From the Irish countryside to London to New York and back again, Maggie reenters the world as a countess and shady art dealer. With her panache and charisma, she finds more than an auction,...
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Jeremy Lindsay Taylor
A televised Royal Shakespeare Company production of August Strindberg's classic play. Miss Julie (Helen Mirren), a 19th century aristocrat's daughter, is attracted to one of the servants in her father's house.
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From the Irish countryside to London to New York and back again, Maggie reenters the world as a countess and shady art dealer. With her panache and charisma, she finds more than an auction, a rekindled interracial love affair, helpful relatives and a painting of great price. She finds more than she bargained for in the labyrinth and milieu of stolen art. Written by
Washed-up Blues Singer's Courageous Turn as Undercover Art Dealer
The incomparable Helen Mirren is washed-up blues singer Maggie Sheridan, living on an estate in Ireland where she has been rescued from heroin addiction by faithful childhood friend Sebastian Stafford (a beautiful performance by Iain Glen).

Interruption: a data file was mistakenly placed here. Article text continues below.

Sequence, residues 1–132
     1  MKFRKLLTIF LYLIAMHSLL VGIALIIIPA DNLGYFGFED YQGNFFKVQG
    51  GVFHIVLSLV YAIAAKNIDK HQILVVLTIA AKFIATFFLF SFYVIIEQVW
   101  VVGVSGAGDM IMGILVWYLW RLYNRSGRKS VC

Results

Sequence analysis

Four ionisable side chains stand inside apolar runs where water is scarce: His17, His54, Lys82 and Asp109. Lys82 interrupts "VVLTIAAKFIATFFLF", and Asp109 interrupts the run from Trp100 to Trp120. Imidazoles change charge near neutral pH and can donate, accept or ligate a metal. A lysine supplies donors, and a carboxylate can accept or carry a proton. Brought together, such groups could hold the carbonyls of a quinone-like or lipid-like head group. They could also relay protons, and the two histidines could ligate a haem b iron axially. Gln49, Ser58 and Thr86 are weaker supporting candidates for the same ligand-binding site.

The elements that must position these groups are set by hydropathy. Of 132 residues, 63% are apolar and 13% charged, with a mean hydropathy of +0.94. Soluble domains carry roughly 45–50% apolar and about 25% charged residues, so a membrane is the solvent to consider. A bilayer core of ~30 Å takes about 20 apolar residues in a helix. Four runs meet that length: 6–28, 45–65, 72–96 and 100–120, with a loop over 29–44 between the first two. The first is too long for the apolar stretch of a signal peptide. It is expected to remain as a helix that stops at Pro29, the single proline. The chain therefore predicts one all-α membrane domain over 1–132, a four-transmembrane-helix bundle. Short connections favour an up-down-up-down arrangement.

When we meet her Maggie has been vegetating in semi-retirement on the estate in a guest cottage for some ten years. We see her finishing recording a demo with a (much younger) local Irish musician, and they are about to take a dip in the bath together when gunshots are heard across the grounds. It seems there has been a theft of paintings owned by the Staffords, with tragic consequences.
From there writer Cubitt has Maggie trekking across Ireland, England, and New York in search of paintings and criminals; and with the very reluctant help of her art dealer sister and brother-in-law, posing as an international art dealer.
Maggie is 50 years old without family or husband, but at turns remarkably charming, debauched, and courageous - a fascinating character. And what Cubitt has given us (and Mirren) is an unforgettable portrait of a woman who risks her life for those she considers family, and what she considers home.
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